It took me a while to understand what people were actually telling me when they described their experience of melancholia and depression. They nearly always spoke about the purely psychological dimension of negative thoughts and emotions, often so unbearable that suicide seemed a redemptive relief. They rarely acknowledged their embodied physical experience.
But almost without exception, when I continued to enquire about their ailment, they would begin to talk about extreme physical states: sensations of unbearable physical heaviness, sluggishness, immobility, inability to rise from bed, a glued physical reluctance to engage in any activity.
No wonder, I thought, that they should have such distressing emotions and thoughts. Their internal physiological state, their inherent biological ecosystem, was in an awful state; and this was naturally mirrored in their sad emotions and thoughts, at their most extreme inclining towards suicide
As a mystic and metaphysician, I would then always contemplate the journey of their soul. I hoped that I might intuit some kind of coherent story, framed by metaphysics, karma and spiritual purpose, that threw some light on the darkness of their malaise, on their dark night of the soul.
Yes it was obvious, as with any illness, that there was an opportunity for spiritual development. But I always advise caution here, because it can be nasty and insensitive to assert that someone’s illness is a purposeful part of their soul’s journey. At its worst, this kind of statement can be a soulless, passive aggressive ‘you asked for it’ banality. (Even if sometimes there may be an element of truth to it.)
Stepping back from the idea that depression can be a deliberate developmental stage planned by the soul, there are however other metaphysical perspectives that are worth exploring.
I approach all this tentatively, because it is an idea that is work-in-progress and also because I want to be sensitive to the suffering of those who endure depression and melancholy.
The key angle here is to focus on the physical experience of depression that I began to list in the first paragraph: the symptoms of sluggishness, heaviness and the effort required to move, as if one were being sucked into inertia.
Notice too how many of the therapies for depression encourage movement of the body, emotions and thoughts. Notice also the medicines administered for depression; their very prescription acknowledges that it is a biochemical embodied state.
But the physicality of depression is often ignored by those of us looking for a psycho-spiritual or metaphysical understanding and cure.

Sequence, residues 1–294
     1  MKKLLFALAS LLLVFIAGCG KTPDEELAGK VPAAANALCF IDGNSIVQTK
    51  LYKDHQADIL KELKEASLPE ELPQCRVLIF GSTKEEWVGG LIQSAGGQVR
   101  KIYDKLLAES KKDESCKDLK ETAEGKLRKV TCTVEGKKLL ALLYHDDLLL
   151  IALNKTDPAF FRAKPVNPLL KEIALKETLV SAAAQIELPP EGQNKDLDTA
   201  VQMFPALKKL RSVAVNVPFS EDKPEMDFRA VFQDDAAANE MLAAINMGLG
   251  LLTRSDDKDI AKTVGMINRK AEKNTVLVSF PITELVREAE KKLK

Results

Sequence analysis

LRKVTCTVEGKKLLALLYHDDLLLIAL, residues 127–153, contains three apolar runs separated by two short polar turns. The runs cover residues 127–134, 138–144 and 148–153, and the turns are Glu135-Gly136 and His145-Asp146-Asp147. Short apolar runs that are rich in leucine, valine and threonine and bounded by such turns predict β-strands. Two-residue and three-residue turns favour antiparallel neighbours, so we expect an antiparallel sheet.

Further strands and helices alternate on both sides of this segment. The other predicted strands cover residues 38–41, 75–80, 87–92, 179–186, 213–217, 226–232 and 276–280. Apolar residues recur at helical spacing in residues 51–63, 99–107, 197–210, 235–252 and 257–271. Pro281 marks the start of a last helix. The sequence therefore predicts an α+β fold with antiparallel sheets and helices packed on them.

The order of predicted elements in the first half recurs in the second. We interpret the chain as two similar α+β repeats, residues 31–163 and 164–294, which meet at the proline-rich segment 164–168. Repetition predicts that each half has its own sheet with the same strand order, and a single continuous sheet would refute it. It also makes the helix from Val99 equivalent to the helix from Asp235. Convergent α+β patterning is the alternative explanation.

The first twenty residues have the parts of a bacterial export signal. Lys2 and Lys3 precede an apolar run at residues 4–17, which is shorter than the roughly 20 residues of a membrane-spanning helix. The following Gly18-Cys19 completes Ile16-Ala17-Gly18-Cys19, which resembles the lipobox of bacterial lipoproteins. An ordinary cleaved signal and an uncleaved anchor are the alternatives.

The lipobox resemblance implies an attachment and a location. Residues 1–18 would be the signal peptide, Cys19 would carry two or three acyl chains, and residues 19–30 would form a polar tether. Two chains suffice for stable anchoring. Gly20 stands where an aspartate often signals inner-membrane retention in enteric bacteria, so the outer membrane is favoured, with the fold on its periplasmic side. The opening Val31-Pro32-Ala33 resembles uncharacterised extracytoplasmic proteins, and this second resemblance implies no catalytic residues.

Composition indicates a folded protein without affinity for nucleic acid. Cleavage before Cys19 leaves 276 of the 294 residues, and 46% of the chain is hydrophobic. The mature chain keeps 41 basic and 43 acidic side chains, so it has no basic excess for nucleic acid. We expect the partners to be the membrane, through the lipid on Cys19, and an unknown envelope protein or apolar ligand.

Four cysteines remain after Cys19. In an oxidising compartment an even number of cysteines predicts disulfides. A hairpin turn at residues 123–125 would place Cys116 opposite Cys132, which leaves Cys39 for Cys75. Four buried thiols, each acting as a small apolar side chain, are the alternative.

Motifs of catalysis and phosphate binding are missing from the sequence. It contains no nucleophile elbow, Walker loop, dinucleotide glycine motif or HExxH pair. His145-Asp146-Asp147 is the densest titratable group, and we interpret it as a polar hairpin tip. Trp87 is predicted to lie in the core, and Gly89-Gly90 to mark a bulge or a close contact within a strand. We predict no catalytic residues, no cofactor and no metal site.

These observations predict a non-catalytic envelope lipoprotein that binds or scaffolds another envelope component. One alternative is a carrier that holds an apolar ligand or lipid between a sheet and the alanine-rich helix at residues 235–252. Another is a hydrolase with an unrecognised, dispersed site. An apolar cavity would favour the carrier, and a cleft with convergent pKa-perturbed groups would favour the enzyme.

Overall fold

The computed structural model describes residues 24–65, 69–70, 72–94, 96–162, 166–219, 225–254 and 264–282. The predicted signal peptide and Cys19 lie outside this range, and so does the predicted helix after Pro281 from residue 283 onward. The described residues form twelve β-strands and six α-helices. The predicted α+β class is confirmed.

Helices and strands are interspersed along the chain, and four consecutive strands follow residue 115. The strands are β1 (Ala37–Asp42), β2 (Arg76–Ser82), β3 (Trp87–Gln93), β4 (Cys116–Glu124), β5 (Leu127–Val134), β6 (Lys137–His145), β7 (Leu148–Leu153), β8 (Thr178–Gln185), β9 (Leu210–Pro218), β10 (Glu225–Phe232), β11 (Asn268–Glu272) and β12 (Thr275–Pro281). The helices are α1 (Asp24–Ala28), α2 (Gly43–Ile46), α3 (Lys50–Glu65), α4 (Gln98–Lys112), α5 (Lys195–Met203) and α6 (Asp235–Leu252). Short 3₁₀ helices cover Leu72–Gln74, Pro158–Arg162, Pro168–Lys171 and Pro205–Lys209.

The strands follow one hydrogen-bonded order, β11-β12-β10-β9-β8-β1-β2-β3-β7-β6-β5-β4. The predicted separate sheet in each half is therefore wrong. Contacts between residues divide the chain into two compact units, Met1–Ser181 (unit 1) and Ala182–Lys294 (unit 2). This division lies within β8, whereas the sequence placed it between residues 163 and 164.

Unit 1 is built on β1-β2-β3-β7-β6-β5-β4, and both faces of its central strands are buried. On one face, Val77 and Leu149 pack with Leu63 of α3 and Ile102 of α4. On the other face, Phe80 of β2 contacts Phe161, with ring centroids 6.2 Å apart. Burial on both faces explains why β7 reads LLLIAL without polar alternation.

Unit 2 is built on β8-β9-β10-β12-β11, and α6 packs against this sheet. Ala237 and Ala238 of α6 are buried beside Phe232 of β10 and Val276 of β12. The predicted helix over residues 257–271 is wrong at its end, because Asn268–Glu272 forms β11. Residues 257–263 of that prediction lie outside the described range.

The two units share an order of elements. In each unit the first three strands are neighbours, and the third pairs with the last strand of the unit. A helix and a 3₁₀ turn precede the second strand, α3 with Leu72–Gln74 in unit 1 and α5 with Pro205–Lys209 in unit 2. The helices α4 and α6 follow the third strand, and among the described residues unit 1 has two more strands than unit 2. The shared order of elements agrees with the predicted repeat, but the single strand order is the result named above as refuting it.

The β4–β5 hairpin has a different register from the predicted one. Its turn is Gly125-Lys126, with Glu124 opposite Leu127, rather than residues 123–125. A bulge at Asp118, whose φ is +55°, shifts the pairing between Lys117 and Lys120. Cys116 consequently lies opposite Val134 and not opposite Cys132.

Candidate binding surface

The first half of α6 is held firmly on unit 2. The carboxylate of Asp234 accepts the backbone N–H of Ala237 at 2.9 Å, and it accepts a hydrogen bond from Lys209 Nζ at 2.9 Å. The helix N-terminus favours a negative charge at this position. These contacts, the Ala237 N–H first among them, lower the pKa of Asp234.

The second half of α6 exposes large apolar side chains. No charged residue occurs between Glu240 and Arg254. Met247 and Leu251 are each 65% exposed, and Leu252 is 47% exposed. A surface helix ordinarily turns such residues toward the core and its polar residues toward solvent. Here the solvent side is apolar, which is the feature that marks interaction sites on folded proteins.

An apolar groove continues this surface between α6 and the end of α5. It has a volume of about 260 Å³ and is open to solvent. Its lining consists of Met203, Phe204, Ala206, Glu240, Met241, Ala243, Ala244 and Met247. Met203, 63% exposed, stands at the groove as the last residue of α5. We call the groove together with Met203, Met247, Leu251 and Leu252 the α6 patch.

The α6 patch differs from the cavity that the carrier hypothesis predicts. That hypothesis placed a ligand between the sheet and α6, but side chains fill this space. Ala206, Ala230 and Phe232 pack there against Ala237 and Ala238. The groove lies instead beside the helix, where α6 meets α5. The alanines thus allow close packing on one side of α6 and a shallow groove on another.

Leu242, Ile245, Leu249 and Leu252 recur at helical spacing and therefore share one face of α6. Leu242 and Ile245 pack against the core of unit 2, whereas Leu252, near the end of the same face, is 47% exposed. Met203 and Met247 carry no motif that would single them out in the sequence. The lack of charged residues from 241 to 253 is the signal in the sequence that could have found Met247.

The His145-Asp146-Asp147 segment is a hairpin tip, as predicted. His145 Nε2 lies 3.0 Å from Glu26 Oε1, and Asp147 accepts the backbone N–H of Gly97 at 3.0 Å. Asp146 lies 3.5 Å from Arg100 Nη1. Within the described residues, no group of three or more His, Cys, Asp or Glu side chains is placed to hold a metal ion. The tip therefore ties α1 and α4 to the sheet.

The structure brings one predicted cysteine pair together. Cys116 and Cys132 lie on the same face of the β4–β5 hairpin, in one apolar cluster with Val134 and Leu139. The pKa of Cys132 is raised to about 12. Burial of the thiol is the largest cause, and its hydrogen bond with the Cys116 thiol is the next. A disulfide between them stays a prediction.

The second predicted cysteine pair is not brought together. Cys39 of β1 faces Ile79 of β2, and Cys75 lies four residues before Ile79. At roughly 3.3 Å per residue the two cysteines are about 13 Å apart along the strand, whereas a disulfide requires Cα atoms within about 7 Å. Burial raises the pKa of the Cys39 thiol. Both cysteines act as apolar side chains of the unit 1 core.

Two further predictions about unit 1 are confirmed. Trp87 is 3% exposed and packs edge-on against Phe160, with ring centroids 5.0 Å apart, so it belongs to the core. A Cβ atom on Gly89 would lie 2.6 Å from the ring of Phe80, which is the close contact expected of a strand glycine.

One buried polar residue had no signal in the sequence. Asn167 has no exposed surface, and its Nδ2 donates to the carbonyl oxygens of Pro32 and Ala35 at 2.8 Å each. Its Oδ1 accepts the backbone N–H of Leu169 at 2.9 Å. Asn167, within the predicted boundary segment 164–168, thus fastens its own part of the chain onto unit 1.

There are however two metaphysical perspectives, which can provide insight.
The first is from the writings of Djwahl Kuhl, particularly in his book, Esoteric Healing, dictated to his secretary, Alice Bailey.
The second can be found in many metaphysical philosophies, but is most explicit in the Yin-Yang approach of Taoism.
In explaining illness and the possible avenues for healing, Djwahl Kuhl of course talks about the karmic element. He also discusses illnesses, such as plagues and epidemics, where individuals have no choice but to participate in humanity’s collective karma and mass events.
Djwahl Kuhl also crucially discusses the inherent impurities in the stuff that makes up the body of planet Earth and consequently the inherent impurities that exist too in our human physical bodies. We may be brilliant, compassionate, enlightened saints, but our bodies are organic and carbon-based, and therefore contain inherent impurities that we share with Gaia. The substance of Gaia’s vehicle is not one hundred per cent pure. Gaia herself has karma.
This is a profound insight for metaphysical approaches to illness and healing. Some of our illnesses have nothing to do with our personal karma and dharma, but are simply part of the reality that we exist in an interdependent physical environment and we participate in its corrupt physical elements as much as in its gifts. That is just the way it is. (Try keeping your body healthy and alive forever!)
The physical experience of depression, then, may simply be due to someone’s physical body experiencing an impurity that belongs to planet Earth.
(Below: The Schwatzchild metric; gravity bending space and time.)
Then there is a second metaphysical insight. (I apologize in advance to scholars who may see this as an oversimplification.)